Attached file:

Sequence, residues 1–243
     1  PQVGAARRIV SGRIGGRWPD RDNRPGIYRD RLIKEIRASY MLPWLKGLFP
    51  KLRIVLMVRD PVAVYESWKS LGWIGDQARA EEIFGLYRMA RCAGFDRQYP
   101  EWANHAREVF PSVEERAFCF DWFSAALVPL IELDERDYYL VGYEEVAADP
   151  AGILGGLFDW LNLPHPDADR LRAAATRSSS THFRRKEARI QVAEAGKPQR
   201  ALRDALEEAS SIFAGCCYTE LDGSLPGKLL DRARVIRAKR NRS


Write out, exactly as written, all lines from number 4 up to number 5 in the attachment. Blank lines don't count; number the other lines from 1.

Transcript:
   101  EWANHAREVF PSVEERAFCF DWFSAALVPL IELDERDYYL VGYEEVAADP
   151  AGILGGLFDW LNLPHPDADR LRAAATRSSS THFRRKEARI QVAEAGKPQR